Peace on Earth, Good-will to DogsDecember 15, 2008
If A Versailles Christmas-tide was only accidentally a Christmas story, Eleanor Hallowell Abbott’s Peace on Earth, Good-will to Dogs is it’s exact opposite. It is more emphatically a Christmas story than A Christmas Carol. It begins with the line, “If you don’t like Christmas stories, don’t read this one!” (I should add that, being by Eleanor Hallowell Abbott, it contains much unnecessary cuteness and a really emphatic use of exclamation points.)
The heroine is named Flame. She is in her late teens. She is stubborn like her mother. She is dreamy like her father. I have accidentally picked up Eleanor Hallowell Abbott’s writing style.
I thought when I read The Fairy Prince that Abbott was using lots of short, simple sentences because her narrator was a child. Apparently, though, it is something she does on a regular basis.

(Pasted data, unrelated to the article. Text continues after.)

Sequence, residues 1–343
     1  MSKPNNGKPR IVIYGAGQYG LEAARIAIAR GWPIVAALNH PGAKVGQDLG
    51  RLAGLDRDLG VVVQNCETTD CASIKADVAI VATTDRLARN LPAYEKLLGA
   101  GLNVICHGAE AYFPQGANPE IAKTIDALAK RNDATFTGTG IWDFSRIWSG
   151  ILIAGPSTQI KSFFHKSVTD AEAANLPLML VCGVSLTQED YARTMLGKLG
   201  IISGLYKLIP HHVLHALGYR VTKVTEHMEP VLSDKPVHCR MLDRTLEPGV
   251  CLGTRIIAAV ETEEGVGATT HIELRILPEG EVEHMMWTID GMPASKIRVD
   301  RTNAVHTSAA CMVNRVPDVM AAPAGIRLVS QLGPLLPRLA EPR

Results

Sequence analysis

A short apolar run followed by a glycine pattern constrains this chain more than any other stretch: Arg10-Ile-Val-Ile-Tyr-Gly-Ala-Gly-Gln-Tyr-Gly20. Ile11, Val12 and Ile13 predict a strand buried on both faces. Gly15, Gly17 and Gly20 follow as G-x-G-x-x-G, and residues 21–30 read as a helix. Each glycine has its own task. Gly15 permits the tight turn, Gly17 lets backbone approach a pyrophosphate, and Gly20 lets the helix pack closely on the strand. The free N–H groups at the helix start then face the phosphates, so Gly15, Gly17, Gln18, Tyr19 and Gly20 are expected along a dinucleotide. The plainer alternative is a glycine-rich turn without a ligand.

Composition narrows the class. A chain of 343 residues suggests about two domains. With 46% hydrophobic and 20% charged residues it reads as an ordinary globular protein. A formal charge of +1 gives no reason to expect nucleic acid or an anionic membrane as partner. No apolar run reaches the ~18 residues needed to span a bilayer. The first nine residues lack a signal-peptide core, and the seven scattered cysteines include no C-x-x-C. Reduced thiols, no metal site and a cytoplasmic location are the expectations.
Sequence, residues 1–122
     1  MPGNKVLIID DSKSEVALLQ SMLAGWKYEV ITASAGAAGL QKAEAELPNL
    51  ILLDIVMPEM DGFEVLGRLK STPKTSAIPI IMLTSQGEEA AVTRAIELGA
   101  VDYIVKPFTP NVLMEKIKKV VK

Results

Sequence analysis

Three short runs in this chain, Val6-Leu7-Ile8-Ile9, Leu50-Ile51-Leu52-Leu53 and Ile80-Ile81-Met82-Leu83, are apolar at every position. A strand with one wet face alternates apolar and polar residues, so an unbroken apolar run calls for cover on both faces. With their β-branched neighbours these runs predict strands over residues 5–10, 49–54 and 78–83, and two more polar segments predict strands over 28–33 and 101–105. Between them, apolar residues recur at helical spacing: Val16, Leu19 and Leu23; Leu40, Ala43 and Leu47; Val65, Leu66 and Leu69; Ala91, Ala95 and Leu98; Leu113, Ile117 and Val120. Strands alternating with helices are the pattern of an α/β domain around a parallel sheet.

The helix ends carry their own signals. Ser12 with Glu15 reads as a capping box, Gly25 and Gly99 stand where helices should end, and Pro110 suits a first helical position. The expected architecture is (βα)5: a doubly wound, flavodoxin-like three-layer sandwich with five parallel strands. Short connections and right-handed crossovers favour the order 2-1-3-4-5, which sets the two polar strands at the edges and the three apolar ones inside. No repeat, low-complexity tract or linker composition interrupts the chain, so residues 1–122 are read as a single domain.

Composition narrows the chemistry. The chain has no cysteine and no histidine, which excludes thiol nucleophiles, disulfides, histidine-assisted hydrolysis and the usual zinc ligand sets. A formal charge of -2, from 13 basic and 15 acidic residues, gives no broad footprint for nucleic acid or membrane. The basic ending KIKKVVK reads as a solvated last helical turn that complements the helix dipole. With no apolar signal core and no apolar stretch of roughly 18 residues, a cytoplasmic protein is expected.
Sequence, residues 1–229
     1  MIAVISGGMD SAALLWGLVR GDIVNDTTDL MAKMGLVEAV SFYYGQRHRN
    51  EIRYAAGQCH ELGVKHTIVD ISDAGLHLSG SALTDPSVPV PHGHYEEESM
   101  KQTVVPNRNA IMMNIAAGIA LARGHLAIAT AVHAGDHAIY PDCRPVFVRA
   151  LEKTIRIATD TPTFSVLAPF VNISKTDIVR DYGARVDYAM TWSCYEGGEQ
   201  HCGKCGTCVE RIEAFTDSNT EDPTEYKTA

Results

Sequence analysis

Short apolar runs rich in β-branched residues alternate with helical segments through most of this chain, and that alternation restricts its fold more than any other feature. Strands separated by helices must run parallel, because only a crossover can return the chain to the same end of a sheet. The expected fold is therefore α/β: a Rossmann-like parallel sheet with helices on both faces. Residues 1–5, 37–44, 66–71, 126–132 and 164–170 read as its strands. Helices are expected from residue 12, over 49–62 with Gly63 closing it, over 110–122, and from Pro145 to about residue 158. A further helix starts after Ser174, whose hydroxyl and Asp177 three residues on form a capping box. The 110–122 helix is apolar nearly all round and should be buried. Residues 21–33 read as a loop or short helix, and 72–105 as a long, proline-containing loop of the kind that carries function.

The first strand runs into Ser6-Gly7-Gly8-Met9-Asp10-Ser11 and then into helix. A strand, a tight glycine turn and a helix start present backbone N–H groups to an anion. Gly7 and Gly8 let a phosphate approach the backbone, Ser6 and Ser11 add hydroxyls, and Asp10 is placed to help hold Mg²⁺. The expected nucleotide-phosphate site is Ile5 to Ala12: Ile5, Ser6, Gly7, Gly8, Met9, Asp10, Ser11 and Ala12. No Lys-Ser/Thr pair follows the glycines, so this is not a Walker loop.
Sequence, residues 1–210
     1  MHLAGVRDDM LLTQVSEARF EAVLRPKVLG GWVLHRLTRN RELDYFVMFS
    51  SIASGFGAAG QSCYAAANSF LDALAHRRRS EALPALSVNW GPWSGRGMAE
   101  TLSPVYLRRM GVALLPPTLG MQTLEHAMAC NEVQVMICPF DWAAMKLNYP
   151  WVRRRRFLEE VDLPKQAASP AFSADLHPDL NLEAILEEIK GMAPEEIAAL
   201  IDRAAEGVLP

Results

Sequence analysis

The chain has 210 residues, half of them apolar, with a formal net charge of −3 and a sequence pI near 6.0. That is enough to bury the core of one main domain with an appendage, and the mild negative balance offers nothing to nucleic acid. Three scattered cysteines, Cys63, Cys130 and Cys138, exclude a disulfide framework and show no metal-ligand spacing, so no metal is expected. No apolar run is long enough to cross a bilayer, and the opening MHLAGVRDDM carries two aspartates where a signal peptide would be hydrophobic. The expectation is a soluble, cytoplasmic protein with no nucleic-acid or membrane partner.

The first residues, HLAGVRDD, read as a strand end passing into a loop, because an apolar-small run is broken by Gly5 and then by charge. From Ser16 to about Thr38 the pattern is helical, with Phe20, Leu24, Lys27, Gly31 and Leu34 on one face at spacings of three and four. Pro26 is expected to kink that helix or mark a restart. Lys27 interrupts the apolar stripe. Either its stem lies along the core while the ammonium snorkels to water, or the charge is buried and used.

Flame is short for Flamande, and she is the minister’s daughter. A day or two before Christmas, she is excited to see that someone is moving into what she calls “the Rattle-Pane House,” which has been deserted for years. She goes to investigate, but all she finds are three dogs (a dalmatian, a Russian wolfhound, and an Irish setter, who she names, respectively, Blunder-blot, Beautiful-lovely, and Flopsy) and a butler. She hears the butler speaking of a Miss Flora, and concludes that she is the dogs’ owner, but she turns out to be a bulldog.
Flame’s parents have to go away to visit a relative on Christmas, and Flame ends up volunteering to watch the dogs so that the butler can spend Christmas with a cousin. She spends the day preparing a Christmas dinner and fending off the advances of an amorous lay reader named Bertrand (she has promised her mother not to see him, but she circumvents this by wearing a blindfold). Complications abound, but in time everything gets straightened out, Flame falls in love, and Bertrand-the-Lay-Reader gets sent to jail, although only for a little while.
I like Eleanor Hallowell Abbott, but I think she may be one of those authors with whom familiarity breeds contempt, if only because it is very easy to figure out what’s coming next once you get to know her style. She’s entertaining enough, and this story is very sweet and very Christmas-y, but I’ve given up hope that I’ll ever find anything else of hers as wonderful as The Indiscreet Letter.